SESSION OF THE CPSU CC POLITBURO, 26 MARCH 1981 (EXCERPT)CITATION SHARE DOWNLOAD
get citationSoviet leaders discuss the results of negotiations with a delegation from the Polish People's Republic, where Poland requested increased import of raw materials. [Original available in the National Archive RADD/READD Collection]."Session of the CPSU CC Politburo, 26 March 1981 (excerpt)" March 26, 1981, History and Public Policy Program Digital Archive, TsKhSD, F. 89, Op. 42, D. 38, first published in CWIHP Special Working Paper 1. http://digitalarchive.wilsoncenter.org/document/112757
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SESSION OF THE CPSU CC POLITBURO
26 March 1981
Cde. K. U. CHERNENKO presiding.
Also taking part: Cdes. Yu. V. Andropov, M. S. Gorbachev, V. V. Grishin, A. A. Gromyko, A. P. Kirilenko, D. F. Ustinov, P. N. Demichev, V. V. Kuznetsov, B. N. Ponomarev, I. V. Kapitonov, V. I. Dolgikh, M. V. Zimyanin
. . . .
5. On the Results of Negotiations with a Delegation from the Polish People's Republic
CHERNENKO. Cdes. Baibakov, Garbuzov, Arkhipov, and Alkhimov held negotiations with the PPR Deputy Prime Minister, Cde. Jagielski. The Polish side put forth a request for deliveries of raw materials for light industry and for additional deliveries of oil, metal, cellulose, and other goods. A recommendation is made to agree to provide the PPR with additional supplies in 1981 of chrome ore, woodchip slabs, asbestos, and other materials, and also a certain quantity of cotton and barley.
ARKHIPOV. We're giving Poland a limited quantity of raw materials, because we're simply unable to give a larger quantity. In particular, we're not yet able to give a positive response about the processing of Soviet raw materials in Poland.
With regard to the economic situation in Poland, Cde. Jagielski informed us that the plan for 1981 will be some 20 percent lower than the plan for the preceding year, 1980. The Poles are having particular difficulties with coal production. Coal, as you know, is designated for export and is a means of earning hard currency. Instead of 180 million tons, as envisaged in the plan, they will produce at best 170 million tons. The production of meat is falling by 25 percent, and sugar by 1.5 times. Instead of 1.5 million tons, they'll end up with a maximum of 950 thousand tons.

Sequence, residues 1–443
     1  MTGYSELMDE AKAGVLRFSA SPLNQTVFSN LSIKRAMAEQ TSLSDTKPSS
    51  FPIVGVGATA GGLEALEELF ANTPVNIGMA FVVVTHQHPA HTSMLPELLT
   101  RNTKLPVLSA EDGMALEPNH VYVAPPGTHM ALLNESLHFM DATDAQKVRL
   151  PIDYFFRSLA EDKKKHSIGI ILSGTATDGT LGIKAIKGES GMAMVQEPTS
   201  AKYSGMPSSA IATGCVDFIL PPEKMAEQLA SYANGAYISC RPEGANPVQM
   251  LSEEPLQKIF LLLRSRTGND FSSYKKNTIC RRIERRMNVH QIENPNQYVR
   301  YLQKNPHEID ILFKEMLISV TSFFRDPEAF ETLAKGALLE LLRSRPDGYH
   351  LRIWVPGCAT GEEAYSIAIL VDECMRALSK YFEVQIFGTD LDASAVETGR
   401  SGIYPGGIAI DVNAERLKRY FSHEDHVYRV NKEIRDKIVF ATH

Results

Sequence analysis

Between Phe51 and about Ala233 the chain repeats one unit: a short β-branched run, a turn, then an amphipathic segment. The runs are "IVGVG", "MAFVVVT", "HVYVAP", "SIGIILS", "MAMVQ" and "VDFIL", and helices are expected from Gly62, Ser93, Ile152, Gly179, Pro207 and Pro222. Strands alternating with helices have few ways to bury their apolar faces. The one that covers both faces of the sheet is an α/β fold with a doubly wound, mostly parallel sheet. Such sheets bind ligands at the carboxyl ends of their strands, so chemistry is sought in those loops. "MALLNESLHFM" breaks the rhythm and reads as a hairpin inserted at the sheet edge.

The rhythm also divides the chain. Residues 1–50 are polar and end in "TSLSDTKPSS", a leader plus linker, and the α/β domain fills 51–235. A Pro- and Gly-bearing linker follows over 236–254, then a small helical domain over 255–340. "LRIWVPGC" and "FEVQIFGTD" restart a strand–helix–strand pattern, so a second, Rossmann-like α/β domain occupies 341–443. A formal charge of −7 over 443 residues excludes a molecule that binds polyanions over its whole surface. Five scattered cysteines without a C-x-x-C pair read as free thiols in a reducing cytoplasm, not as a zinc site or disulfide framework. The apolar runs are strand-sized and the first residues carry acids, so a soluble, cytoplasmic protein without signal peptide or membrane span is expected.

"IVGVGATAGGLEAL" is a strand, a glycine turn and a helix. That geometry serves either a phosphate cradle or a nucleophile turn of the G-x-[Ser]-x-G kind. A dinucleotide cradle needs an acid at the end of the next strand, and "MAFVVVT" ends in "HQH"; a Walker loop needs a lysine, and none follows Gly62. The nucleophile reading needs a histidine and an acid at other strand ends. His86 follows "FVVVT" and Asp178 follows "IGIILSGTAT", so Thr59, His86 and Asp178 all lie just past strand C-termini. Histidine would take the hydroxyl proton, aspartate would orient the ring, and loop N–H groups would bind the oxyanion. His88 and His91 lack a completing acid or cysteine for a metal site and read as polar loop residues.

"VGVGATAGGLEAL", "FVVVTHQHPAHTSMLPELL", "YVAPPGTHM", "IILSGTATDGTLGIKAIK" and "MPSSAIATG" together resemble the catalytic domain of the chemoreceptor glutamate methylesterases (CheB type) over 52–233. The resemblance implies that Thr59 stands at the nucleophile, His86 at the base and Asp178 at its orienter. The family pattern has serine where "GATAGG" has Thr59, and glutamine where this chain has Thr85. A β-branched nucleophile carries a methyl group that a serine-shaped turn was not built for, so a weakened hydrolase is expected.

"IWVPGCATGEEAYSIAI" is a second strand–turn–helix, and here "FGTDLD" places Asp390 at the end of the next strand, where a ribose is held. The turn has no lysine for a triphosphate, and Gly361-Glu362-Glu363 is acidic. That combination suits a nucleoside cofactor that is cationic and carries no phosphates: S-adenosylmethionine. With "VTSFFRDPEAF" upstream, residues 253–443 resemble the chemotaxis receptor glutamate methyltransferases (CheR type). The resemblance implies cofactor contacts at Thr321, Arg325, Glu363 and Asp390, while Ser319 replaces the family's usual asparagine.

Right now in Poland a question has arisen about setting rates for supplies of bread and flour.
With regard to the financial situation, the indebtedness of Poland, particularly to capitalist countries, is 23 billion dollars, of which 9 billion was received through guarantees from the states involved. The remaining credits were provided to the Poles by private banks. All told there are 400 banks involved. Right now the Poles are faced with a situation in which they have to purchase different goods abroad for roughly 9.5 billion dollars. All of this will have to be done on credit. Exports will come to a total of 8.5 billion. Western countries are doing all they can to put off a decision on whether to extend new credits to Poland. Right now the Poles need to pay off 1.5 billion dollars. This applies mainly to interest on previous debts. They're requesting 700 million dollars from us. Of course we can't possibly come up with such a sum. Without any delay, however, we are now providing Poland with oil, natural gas, iron ore, etc.
During the discussion, the Polish friends asked whether they should abide by a moratorium on credits or enter the International Monetary Fond and request additional credits from Western countries. Of course in either case it will be a concession to the Western countries and will not provide any sort of economic boost. The Poles themselves are divided on this matter. They're asking us to give them additional cotton and artificial fiber.
GROMYKO. The Polish comrades emphasized how serious the situation is with imported goods, because they suffer from being so dependent on these goods. But it's worth noting that they don't attach much importance to the supplies of raw materials from the Soviet Union. They consider that question to be merely a trifle. Whereas in fact what they're receiving, the cotton, should be ours, and the ore is also ours, and the oil.
ARKHIPOV. We are supplying 13 million tons of oil to Poland at 90 rubles a ton. If you bear in mind that the world price for a ton is 170 rubles, that means we are subsidizing the Poles at 80 rubles for every ton. We could have sold all this oil for hard currency, and our earnings would have been enormous.
On this matter, Cdes. Andropov, Ustinov, Kirilenko, and Grishin also spoke.
A decree is adopted.